Ghana's Justice Minster Calls for Workplace HIV, TB Policies
May 6, 2009
Ghana's minister of justice and attorney general, Betty Mould-Iddrisu, recently called on private and public employers to create policies that would provide comprehensive care to employees living with HIV or tuberculosis, as well as their families, GNA/GhanaWeb.com reports. Mould-Iddrisu was speaking at the launch of an HIV/TB workplace project in the capital of Accra. She said that people living with HIV and TB should receive support and information in their workplaces. She continued, "HIV has no national boundaries and is no respecter of the rich. Therefore, no country can afford to ignore the disease." Both private and public organizations should raise awareness about these diseases and address stigma surrounding those living with HIV/AIDS, she said.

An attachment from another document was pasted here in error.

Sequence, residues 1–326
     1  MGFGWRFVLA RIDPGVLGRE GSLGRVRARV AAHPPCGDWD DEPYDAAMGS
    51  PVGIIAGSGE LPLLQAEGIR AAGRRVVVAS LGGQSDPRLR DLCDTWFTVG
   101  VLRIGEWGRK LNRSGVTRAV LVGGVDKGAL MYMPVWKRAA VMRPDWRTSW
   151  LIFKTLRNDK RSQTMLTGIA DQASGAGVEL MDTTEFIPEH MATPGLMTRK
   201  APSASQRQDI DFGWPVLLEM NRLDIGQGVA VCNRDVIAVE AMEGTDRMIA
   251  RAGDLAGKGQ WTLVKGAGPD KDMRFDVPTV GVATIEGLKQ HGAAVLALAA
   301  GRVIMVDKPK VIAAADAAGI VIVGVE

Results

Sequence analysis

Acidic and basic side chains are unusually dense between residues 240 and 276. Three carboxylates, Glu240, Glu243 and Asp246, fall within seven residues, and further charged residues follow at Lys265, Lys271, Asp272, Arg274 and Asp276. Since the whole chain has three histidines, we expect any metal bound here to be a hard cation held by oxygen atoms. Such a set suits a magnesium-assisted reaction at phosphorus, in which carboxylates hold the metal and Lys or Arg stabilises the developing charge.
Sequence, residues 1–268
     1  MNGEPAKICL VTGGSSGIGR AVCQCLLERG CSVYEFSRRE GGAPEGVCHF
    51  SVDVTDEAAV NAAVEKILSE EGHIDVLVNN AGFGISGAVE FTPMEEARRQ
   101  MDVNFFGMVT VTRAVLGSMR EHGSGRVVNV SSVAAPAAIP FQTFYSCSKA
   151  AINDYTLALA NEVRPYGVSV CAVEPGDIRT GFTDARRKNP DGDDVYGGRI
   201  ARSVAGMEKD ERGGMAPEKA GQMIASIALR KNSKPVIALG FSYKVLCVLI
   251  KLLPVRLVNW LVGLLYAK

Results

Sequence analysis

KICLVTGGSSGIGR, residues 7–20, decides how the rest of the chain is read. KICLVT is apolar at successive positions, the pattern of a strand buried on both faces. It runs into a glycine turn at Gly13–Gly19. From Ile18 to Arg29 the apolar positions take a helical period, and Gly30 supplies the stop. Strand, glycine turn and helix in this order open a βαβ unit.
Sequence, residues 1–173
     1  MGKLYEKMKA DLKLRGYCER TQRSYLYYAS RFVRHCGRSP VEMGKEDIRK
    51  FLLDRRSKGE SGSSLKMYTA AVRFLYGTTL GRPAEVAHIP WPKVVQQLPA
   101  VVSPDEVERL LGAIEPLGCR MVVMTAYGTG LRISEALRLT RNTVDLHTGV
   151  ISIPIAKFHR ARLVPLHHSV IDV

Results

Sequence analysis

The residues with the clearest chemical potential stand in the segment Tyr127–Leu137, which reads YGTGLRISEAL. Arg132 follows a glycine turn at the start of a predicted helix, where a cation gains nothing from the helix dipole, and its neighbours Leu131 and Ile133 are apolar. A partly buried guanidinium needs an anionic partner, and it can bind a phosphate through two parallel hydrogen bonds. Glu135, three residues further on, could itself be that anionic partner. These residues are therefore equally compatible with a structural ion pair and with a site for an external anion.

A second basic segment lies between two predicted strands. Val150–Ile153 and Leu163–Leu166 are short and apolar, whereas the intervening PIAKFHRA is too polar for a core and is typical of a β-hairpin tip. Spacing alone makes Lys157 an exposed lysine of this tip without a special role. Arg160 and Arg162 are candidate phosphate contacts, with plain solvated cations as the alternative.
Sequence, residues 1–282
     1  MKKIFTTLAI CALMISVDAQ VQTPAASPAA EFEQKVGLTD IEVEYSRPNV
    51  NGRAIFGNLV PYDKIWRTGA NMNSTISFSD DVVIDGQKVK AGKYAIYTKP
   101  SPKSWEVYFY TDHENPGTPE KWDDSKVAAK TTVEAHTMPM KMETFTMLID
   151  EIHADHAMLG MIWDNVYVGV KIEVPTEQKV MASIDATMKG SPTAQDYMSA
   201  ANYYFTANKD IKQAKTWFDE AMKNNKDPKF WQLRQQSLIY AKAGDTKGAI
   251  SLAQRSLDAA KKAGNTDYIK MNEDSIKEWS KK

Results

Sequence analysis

Elizabeth Leiss, program manager for the German Technical Cooperation's HIV/TB Project, said the project will enable almost 1,000 employees of the Ministry of Justice and their families to access no-cost counseling, condoms and antiretroviral treatment at their workplaces. She said that the project plans to provide "prevention and diagnosis of HIV/TB, treatment, care and support of infected and affected employees and their close family members and enable a non-discriminative environment in the framework of an HIV/TB policy." Sakyi Awuku Amoah, director-general of the Ghana AIDS Commission, called on people in the country to collaborate and support the HIV/AIDS workplace project (GNA/GhanaWeb.com, 5/4).
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